[16] Charlotte Newman, “To Punish or Protect: The New Poor Law and the English Workhouse.” International Journal of Historical Archaeology 18, no. 1 (March 2014).

[17] Ibid.

[18] Ibid.

[19] Ibid.

[20] Lawrence Segel, “Precious Commodity.” Medical Post 39, no. 44 (December 2, 2003).

[21] Ibid.

[22] Old Bailey Online. “The Proceedings of the Old Bailey: Margaret Waters, Sarah Ellis.” 19 September, 1870.

[23] Marjorie Levine-Clark, “Engendering Relief: Women, Ablebodiedness, and the New Poor Law in Early Victorian England.” Journal of Women’s History 11, no. 4 (2000).

[24] Ann R. Higginbotham, “”Sin of the Age”: Infanticide and Illegitimacy in Victorian London.” Victorian Studies 23, no. 3 (1989): 319.

[25] Ibid, 320.

[26] Ibid, 321.

[27] Lawrence Segel, “Precious Commodity.” Medical Post 39, no. 44 (December 2, 2003).

[28] Ibid.

[29] Old Bailey Online. “The Proceedings of the Old Bailey: Margaret Waters, Sarah Ellis.” 19 September, 1870.

[30] Joe Schwarcz, “Opium and Laudanum History’s Wonder Drugs.” Canadian Chemical News 67, no. 4 (July-August 2015): 46.

[31] Thomas R. Forbes, “Deadly Parents: Child Homicide in Eighteenth- and Nineteenth-Century England.” Journal of the History of Medicine and Allied Sciences 41 (1986): 187.

[32] Old Bailey Online. “The Proceedings of the Old Bailey: Margaret Waters, Sarah Ellis.” 19 September, 1870.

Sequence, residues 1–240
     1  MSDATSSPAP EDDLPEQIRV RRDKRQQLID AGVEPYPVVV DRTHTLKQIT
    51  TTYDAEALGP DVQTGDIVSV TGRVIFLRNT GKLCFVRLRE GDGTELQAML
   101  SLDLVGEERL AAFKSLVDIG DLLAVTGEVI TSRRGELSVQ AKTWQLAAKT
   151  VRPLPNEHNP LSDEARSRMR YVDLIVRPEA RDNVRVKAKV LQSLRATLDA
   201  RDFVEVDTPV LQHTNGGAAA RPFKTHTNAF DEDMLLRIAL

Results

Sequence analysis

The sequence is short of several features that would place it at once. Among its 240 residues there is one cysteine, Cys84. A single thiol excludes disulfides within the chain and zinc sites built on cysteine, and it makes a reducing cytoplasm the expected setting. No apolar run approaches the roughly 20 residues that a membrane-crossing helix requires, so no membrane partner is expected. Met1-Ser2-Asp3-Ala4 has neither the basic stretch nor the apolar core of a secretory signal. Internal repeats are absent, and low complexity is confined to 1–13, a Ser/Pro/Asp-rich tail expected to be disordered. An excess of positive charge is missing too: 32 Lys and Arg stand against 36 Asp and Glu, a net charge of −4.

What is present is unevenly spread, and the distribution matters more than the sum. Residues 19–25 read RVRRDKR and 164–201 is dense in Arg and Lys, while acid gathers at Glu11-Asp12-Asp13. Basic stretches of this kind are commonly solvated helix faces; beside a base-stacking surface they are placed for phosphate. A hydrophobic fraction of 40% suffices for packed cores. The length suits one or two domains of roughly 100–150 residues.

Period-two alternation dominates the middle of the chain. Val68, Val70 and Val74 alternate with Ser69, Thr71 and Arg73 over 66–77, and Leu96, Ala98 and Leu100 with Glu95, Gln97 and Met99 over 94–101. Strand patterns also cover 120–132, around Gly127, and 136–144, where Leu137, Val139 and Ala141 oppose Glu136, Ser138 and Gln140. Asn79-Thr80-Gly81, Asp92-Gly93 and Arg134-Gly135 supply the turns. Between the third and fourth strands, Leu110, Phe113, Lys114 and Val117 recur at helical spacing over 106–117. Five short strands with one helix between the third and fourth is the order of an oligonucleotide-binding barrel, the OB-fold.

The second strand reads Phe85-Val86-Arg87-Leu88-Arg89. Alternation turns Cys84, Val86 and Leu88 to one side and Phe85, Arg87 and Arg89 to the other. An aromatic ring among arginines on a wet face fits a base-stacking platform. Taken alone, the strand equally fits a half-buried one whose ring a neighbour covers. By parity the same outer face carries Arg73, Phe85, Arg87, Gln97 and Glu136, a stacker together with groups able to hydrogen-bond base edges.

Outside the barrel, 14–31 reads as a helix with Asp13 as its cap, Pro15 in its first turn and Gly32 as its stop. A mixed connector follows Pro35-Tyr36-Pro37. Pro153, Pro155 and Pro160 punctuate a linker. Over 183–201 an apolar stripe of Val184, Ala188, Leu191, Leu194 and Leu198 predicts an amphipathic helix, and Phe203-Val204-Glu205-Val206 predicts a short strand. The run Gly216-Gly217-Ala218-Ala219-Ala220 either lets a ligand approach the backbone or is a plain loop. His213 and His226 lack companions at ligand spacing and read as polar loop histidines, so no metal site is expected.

[33] Pamela J. Walker, “Adoption and Victorian Culture.” The History of the Family 11, no. 4 (January 2006): 212.

[34] Ibid, 212.

[35] Ann R. Higginbotham, “”Sin of the Age”: Infanticide and Illegitimacy in Victorian London.” Victorian Studies 23, no. 3 (1989): 321.

[36] Pamela J. Walker, “Adoption and Victorian Culture.” The History of the Family 11, no. 4 (January 2006): 212.

 

Bibliography:

Execution of Margaret Waters, the Baby Farmer.” Western Mail (Cardiff, Wales, October 12, 1870).

Forbes, Thomas R. “Deadly Parents: Child Homicide in Eighteenth-and Nineteenth-Century England.” Journal of the History of Medicine and Allied Sciences 41 (1986): 187.

Higginbotham, Ann R. “”Sin of the Age”: Infanticide and Illegitimacy in Victorian London.” Victorian Studies 23, no. 3 (1989): 319-337.

Levine-Clark, Marjorie. “Engendering Relief: Women, Ablebodiedness, and the New Poor Law in Early Victorian England.” Journal of Women’s History 11, no. 4 (2000).

Newman, Charlotte. “To Punish or Protect: The New Poor Law and the English Workhouse.” International Journal of Historical Archaeology 18, no. 1 (March 2014).

Old Bailey Online. “The Proceedings of the Old Bailey: Margaret Waters, Sarah Ellis.” 19 September, 1870.

Old Bailey Online. “The Proceedings of the Old Bailey: Sarah Ellis, Deception.” 19 September, 1870.

Schwarcz, Joe. “Opium and Laudanum History’s Wonder Drugs.” Canadian Chemical News 67, no. 4 (July-August 2015): 46.

Segel, Lawrence. “Precious Commodity.” Medical Post 39, no. 44 (December 2, 2003).

Walker, Pamela J. “Adoption and Victorian Culture.” The History of the Family 11, no. 4 (January 2006): 211-221.